To make slow-cooked shredded beef for six diners, you will need:
For the beef:
- 1,5kg brisket or chuck
- 2 tablespoons of extra-virgin olive oil
- 6 cloves of garlic
- 1 large onion
- 1 can of tomatoes
- 500ml chicken or beef stock
- 200ml freshly squeezed orange juice
- 2 tablespoons of lime juice
For the spices:
- 1 tablespoon ground paprika
- 1 tablespoon dried origanum
- 1 teaspoon each of:
– Salt and pepper
– Onion powder
– Garlic powder
– Coriander powder
– Allspice powder
1 Cut the beef into four roughly equal pieces. Measure all the ingredients on the spice list and combine them in a mixing bowl. Arrange the sliced raw beef of your choice on a work surface and sprinkle four teaspoons of the mixed spices over the meat. Massage or rub the spices into the meat.
2 Select a large, heavy-bottomed pot, pour in the extra-virgin olive oil and bring this up to
medium-high heat. Working with two slices at a time, brown the beef slices all over, then remove them from the pot and reserve for later.
3 Crush, peel and mince the garlic; peel and thinly slice the onion. Lower the hob temperature to medium, add another tablespoon of olive oil, and stir-fry the onion and garlic until the onion is soft and translucent.
4 Pour the citrus mixture of orange and lime juice over the cooked onion and garlic. Add the stock of your choice, plus a little freshly ground black pepper and a pinch of salt. Decant the tomatoes, mash them to a coarse pulp and add them to the mix. Stir and then add the browned beef plus any beef juices that may have collected on the plate. Fit the lid, kill the heat to simmer and let the contents of the pot cook for two hours. Inspect from time to time and if the pot is bubbling too vigorously, lower the heat. At the two-hour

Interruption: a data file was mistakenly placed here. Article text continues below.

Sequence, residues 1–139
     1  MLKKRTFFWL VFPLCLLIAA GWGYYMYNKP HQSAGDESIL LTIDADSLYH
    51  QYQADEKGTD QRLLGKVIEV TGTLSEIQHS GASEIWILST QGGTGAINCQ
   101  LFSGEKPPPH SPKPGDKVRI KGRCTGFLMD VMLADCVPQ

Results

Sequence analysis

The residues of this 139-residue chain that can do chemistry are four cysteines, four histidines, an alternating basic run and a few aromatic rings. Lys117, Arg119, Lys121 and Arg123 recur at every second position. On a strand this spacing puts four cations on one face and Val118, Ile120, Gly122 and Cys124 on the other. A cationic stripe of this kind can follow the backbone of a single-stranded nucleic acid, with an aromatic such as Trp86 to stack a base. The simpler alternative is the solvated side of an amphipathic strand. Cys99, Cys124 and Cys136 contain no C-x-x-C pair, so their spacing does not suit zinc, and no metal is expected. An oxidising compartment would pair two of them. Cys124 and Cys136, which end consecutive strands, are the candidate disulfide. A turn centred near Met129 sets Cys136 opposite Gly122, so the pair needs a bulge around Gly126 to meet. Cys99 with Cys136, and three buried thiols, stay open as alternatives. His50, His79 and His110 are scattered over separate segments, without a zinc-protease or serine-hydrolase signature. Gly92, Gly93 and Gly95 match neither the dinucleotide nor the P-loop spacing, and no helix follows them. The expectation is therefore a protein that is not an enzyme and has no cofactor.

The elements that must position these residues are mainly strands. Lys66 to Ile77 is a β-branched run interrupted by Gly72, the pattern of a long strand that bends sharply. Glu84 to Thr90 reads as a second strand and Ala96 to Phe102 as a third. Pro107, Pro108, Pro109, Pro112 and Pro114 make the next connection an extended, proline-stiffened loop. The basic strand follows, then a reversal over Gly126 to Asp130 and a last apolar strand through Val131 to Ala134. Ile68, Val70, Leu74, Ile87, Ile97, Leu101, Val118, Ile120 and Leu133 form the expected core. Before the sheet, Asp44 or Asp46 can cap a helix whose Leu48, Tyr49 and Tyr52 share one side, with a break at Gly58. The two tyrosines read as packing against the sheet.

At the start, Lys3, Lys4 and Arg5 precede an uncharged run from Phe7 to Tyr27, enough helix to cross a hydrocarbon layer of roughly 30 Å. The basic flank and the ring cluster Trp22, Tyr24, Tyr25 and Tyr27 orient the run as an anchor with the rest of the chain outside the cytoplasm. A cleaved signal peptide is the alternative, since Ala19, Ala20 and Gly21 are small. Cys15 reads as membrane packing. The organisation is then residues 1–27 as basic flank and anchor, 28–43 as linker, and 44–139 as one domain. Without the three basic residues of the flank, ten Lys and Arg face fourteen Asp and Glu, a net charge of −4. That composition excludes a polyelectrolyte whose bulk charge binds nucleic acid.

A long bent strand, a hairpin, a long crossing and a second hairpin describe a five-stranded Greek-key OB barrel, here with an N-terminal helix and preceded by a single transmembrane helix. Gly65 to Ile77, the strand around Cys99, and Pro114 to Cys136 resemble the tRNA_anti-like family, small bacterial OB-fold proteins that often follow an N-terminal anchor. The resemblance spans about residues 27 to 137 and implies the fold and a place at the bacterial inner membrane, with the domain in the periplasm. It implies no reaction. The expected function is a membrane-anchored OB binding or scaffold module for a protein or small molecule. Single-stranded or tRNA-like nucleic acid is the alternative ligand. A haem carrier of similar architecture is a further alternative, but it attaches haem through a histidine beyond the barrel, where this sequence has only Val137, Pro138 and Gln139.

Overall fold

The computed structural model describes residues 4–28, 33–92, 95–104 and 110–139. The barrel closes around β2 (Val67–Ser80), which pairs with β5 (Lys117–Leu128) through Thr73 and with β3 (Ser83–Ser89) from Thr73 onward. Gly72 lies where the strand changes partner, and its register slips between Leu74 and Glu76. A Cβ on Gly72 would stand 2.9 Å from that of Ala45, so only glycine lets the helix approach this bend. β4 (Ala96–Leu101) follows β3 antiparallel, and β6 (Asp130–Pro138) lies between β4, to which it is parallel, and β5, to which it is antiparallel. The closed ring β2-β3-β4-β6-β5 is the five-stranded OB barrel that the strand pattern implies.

mark, remove the lid and simmer for an additional 30 minutes.
5 Remove the meat, place it in a large dish, and, using two forks, shred it.
6 Meanwhile, reduce the sauce in the pot to thicken, then return the shredded beef. Do the final seasoning touches if required. Serve with bread, roti or rice.
David Basckin is a freelance journalist and videographer.